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Could Iraq violence affect US withdrawal plan?

The recent spate of attacks have come as US troops are preparing to pull out of urban areas.

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Residents light candles at the site of a bomb attack in Baghdad's Kadhimiya district Friday. In a second day of major bloodshed, two suicide bombers wearing explosive vests blew themselves up at the gates of a Shi'ite Muslim shrine in Baghdad on Friday, killing 60 people, Iraqi police said.

Thaier al-Sudani/REUTERS

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A raft of sensational attacks in Iraq is raising new questions about President Obama's plans to draw down troops in Iraq so he can send more to Afghanistan.

On Friday, two female suicide bombers blew themselves up near the gates of a Shiite Muslim shrine in Baghdad, killing 60 people. The attack followed two suicide bombs Thursday that killed more than 80 people.

The wave of violence in recent weeks, coming as US troops have begun preparing for withdrawal, threatens to bring Iraq back to the front burner, after months of increased security coupled with Obama's focus on Afghanistan had pushed it back.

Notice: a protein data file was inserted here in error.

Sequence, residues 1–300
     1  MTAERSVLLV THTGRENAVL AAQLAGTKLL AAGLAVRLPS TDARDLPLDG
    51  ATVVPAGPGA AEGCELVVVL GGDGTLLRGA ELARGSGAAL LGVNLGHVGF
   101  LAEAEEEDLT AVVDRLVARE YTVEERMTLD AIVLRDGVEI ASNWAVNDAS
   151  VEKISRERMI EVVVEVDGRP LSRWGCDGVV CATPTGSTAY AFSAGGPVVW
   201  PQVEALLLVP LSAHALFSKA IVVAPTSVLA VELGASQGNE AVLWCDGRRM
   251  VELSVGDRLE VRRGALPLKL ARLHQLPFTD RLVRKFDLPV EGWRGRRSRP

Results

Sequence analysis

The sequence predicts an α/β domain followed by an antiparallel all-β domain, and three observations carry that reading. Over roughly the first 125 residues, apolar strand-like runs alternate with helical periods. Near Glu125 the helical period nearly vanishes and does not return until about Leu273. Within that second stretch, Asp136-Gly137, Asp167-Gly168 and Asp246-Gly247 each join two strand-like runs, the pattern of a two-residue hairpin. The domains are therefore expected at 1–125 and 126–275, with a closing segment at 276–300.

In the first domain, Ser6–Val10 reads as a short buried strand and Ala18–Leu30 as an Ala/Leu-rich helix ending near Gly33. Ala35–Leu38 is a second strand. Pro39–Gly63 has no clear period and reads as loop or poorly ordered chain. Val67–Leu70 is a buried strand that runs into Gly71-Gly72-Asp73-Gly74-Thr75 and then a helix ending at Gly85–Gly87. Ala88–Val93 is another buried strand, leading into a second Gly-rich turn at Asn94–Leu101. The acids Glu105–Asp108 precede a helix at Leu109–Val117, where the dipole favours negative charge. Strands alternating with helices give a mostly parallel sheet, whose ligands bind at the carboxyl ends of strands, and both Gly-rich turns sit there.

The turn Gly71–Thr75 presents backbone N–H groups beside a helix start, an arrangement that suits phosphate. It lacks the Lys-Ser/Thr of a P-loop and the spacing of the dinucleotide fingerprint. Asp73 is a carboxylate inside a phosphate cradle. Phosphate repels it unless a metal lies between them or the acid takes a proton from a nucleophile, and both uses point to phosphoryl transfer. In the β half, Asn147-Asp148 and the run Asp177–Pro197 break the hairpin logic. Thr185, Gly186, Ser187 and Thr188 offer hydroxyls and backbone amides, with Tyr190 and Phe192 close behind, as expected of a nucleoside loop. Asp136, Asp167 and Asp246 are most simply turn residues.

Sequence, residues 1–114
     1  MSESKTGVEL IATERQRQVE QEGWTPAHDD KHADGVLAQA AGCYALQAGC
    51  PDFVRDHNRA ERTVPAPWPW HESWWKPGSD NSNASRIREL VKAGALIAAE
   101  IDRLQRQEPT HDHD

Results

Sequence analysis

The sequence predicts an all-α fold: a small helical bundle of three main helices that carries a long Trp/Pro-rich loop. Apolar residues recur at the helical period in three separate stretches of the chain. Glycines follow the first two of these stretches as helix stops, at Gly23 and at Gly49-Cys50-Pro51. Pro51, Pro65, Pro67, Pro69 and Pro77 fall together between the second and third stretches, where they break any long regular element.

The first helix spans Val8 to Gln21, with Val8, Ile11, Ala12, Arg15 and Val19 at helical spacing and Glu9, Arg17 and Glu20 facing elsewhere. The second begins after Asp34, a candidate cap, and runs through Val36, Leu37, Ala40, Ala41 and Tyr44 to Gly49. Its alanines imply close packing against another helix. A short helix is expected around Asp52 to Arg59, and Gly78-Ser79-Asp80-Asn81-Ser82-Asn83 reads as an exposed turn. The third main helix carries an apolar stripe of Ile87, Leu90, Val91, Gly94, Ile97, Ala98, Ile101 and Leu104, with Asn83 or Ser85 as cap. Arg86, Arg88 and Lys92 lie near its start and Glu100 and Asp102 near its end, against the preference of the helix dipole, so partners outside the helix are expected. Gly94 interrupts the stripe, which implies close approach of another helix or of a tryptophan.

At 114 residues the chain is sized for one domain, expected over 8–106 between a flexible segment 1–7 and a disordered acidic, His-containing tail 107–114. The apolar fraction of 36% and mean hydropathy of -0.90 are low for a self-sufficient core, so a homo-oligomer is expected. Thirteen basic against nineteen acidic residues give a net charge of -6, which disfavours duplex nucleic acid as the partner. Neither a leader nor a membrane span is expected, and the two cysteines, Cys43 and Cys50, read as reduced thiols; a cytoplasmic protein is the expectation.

Gen. David Petraeus, formerly the top US commander in Iraq and who now oversees both the wars there and in Afghanistan, warned lawmakers Friday that despite "substantial progress" in Iraq there remain lingering concerns. Al Qaeda in Iraq, as well as other groups, continue to pose a threat, he said.

"Numerous challenges still confront its leaders and its people," General Petraeus told a House panel. He said an Al Qaeda network that provides foreign fighters from Tunisia through Syria to Iraq has been "reactivated." Four of the most recent suicides were carried out by Tunisians, he said.

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